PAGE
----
A diffusion-reaction occurs when the steel is in direct contact with the molten zinc. The reaction leads to the formation of a metallurgically bonded zinc alloy layer. In some instances, the molten zinc bath is added with lead to encourage bath fluidity.
Its primary purpose is to limit excess zinc on the steel by improving the drainage properties, easy dross recycling, preventing floating trash, and protecting the galvanizing kettle from irregular heat distribution from the galvanizing burners.
Removal of residues from the steel ensures that the metal has a pure zinc coating. Dipping the steel in a chromate quench tank is the final step in the hot-dip galvanization process.
Its purpose is to reduce the steel temperature, prevent a reaction from air exposure, and retains the brightness of the zinc coating during storage.
A quality control team inspects the HDG steel for consistency and fabrication of its component before sending it to a galvanizing machine.
The quality assurance team will check the product for possible factory defects when the galvanizing process is over. They also measure the thickness of the zinc coating.
How long does hot-dip galvanizing last?
The process of hot-dip galvanization is essential in protecting the steel from rusting and corrosion in the harshest environments. It does not require maximum maintenance to last more than fifty years.
However, its corrosion resistance depends on the type of surroundings and elements that may impact its longevity. According to a study, bare steel’s decomposition rate is 1/30 in the same environment.
Five factors contribute to the performance of hot-dip galvanized steel: rainfall, humidity, temperature, air salinity, and sulfur dioxide air concentration.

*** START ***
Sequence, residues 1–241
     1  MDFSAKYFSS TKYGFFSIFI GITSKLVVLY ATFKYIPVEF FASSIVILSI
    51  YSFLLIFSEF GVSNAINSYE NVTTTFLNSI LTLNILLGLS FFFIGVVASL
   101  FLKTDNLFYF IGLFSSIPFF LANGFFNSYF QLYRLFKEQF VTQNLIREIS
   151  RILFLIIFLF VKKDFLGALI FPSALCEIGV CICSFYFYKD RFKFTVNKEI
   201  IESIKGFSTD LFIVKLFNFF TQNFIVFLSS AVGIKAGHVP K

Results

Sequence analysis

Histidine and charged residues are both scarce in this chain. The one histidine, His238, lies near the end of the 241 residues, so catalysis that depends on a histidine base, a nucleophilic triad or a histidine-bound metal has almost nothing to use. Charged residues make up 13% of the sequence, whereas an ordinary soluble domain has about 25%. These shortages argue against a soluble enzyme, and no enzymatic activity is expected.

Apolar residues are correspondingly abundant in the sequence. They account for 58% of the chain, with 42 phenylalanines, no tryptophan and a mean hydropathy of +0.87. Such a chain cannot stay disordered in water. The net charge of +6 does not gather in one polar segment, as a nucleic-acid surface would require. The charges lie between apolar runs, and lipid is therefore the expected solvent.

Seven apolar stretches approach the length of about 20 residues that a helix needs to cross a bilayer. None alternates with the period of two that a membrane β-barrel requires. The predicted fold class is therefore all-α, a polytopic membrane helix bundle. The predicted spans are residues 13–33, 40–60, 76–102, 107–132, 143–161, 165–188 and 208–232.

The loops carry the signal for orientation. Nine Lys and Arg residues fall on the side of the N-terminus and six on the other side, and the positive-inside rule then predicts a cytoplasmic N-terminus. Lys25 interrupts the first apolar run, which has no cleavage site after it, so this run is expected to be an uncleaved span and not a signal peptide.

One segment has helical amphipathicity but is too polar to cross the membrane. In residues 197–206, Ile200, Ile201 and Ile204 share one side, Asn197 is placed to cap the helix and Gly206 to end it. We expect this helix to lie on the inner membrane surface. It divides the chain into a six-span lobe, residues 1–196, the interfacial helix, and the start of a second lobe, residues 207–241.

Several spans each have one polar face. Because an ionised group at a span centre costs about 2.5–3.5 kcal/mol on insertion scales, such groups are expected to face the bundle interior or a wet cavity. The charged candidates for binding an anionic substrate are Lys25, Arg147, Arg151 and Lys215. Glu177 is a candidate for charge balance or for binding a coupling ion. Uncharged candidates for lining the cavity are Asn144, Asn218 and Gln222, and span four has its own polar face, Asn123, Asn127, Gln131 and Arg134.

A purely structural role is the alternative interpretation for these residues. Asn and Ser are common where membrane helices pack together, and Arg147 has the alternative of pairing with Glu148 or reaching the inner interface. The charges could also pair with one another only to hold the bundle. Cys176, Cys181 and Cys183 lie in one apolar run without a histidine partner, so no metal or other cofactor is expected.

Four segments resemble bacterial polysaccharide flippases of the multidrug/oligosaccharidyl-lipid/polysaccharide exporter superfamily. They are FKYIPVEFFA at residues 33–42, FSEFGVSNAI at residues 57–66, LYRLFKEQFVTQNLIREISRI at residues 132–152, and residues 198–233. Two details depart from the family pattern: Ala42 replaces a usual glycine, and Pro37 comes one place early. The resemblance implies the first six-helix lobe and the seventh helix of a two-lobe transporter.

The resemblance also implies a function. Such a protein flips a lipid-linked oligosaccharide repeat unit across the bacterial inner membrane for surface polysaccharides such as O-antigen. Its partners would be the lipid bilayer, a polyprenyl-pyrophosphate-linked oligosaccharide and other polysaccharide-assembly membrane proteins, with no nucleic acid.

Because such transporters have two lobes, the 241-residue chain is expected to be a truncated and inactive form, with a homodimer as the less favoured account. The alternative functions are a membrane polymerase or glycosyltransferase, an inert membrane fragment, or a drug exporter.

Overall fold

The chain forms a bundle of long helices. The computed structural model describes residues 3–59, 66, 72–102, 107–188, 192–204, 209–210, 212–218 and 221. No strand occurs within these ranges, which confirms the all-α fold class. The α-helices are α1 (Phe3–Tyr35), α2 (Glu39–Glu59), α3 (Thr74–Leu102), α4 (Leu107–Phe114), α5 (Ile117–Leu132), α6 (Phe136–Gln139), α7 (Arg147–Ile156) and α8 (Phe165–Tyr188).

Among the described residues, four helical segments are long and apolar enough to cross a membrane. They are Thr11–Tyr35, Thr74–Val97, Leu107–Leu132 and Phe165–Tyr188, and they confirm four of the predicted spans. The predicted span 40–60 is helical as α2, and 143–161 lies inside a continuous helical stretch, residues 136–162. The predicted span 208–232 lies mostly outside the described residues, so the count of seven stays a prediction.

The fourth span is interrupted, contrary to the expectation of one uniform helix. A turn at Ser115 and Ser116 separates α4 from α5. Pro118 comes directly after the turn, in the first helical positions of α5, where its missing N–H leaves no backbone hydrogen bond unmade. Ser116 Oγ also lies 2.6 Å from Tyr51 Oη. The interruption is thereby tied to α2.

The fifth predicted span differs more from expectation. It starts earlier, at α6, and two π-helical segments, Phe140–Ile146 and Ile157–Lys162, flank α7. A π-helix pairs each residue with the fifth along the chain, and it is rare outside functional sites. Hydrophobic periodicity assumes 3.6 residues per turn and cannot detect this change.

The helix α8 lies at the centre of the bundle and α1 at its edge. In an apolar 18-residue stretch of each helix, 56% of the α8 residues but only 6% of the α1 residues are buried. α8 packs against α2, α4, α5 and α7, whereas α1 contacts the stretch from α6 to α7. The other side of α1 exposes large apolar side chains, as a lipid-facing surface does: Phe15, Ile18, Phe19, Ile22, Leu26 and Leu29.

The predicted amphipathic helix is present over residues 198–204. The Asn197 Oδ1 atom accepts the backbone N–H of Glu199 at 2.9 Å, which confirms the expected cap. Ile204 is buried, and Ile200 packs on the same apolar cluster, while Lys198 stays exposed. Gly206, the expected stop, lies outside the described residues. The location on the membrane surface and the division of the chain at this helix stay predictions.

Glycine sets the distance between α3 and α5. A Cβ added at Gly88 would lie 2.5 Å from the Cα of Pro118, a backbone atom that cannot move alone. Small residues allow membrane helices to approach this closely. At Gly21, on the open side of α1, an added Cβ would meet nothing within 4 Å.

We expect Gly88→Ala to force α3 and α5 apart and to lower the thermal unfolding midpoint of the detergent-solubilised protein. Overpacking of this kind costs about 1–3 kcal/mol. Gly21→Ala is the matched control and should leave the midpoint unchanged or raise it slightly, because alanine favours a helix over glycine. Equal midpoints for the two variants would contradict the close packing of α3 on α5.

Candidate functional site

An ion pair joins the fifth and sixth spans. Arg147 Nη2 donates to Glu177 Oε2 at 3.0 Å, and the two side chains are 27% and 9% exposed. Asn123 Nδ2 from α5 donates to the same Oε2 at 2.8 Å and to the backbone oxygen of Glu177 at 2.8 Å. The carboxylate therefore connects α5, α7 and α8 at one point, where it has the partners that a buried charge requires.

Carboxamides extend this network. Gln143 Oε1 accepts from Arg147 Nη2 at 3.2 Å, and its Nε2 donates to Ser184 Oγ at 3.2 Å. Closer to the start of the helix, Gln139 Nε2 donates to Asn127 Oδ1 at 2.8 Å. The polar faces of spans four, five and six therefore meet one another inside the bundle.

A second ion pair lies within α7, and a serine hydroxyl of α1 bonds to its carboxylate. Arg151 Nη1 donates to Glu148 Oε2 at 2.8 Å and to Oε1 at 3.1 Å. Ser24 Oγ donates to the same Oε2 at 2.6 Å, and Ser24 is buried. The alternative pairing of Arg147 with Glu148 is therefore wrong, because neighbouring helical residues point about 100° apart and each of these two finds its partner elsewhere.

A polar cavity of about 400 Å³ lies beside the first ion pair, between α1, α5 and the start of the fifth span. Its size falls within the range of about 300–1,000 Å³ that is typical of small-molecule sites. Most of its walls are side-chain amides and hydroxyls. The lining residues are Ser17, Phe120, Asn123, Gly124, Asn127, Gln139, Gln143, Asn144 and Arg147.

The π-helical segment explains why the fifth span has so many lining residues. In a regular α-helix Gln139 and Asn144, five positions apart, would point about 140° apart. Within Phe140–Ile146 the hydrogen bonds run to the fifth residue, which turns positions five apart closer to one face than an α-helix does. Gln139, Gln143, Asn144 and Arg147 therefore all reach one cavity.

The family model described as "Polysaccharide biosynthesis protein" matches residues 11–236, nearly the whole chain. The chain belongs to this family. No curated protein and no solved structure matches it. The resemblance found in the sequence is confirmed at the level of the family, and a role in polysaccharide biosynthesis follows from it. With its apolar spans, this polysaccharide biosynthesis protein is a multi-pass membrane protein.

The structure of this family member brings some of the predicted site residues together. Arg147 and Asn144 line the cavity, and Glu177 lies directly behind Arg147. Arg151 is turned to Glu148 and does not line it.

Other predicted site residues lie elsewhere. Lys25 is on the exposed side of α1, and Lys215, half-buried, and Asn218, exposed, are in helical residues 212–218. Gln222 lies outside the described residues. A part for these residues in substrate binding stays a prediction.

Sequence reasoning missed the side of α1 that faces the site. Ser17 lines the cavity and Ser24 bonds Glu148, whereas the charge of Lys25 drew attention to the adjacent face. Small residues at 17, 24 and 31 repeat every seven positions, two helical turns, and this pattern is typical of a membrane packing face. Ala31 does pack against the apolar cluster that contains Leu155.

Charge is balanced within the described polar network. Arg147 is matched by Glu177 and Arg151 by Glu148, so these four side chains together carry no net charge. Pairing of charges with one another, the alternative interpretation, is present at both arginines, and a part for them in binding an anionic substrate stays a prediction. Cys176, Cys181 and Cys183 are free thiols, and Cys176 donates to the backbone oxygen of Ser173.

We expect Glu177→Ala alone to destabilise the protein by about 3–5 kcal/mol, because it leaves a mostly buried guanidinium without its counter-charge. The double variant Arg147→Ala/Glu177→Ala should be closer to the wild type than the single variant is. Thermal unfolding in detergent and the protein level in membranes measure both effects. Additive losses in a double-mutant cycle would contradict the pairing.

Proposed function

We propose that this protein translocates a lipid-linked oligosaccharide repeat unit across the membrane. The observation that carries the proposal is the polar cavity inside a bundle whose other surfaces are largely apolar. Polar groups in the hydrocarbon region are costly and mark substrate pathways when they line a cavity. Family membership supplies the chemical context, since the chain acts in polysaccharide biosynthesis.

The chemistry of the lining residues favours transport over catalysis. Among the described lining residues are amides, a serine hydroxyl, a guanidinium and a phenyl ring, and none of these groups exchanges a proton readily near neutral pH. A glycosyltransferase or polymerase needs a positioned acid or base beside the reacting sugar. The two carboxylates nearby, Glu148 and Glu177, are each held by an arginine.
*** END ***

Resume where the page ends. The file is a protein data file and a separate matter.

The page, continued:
Dr. Gregory Zhang of Teck Metals Limited developed the accurate global performance data known as the Zinc Coating Life Predictor. Using the TFM chart, the first maintenance for the zinc coating shows that 95 percent of the zinc coating is intact.
It recommends initial maintenance of the material to prolong the longevity of the structure or application.
The governing specification for hot-dipped galvanized material, ASTM A123, says steel products with over ¼ inch thickness should have 3.9 mils of zinc coating. Steel more than ¼ inch thick can last for 72 to 73 years to first maintenance, even if it has exposure to the harshest environments.
Hot-dip galvanizing is a complete immersion process after submerging the steel into the acidic solution, pickling solution, flux, and molten zinc. It ensures the exterior and interior sides have a full zinc coating.
This process ensures that no corrosion could occur even in the steel structures’ hollow, tubular, and fastener threads.
Corrosion and rusting happen in the interior and concave parts, painted but without corrosion protection. The interior of hot-dipped galvanized material receives ample protection as condensation and humidity have higher rates.
Is hot-dip galvanized rustproof?
Yes, hot-dip galvanized steel is rustproof depending on its exposure to specific environments. Its rust and corrosion resistance depends on the thickness of the zinc coating and the harshness of the environmental conditions.
Generally, bare steel products in the same environment have a corrosion rate of 1/30.
Have you realized the importance of zinc coating thickness in hot-dipped galvanizing? The protection performance of hot-dipped galvanized materials depends on the thickness of the zinc coating and the corrosion of the harshest environments. Comparing galvanized and HDG materials, HDG is inexpensive in the long run, as the material can last for over seven decades.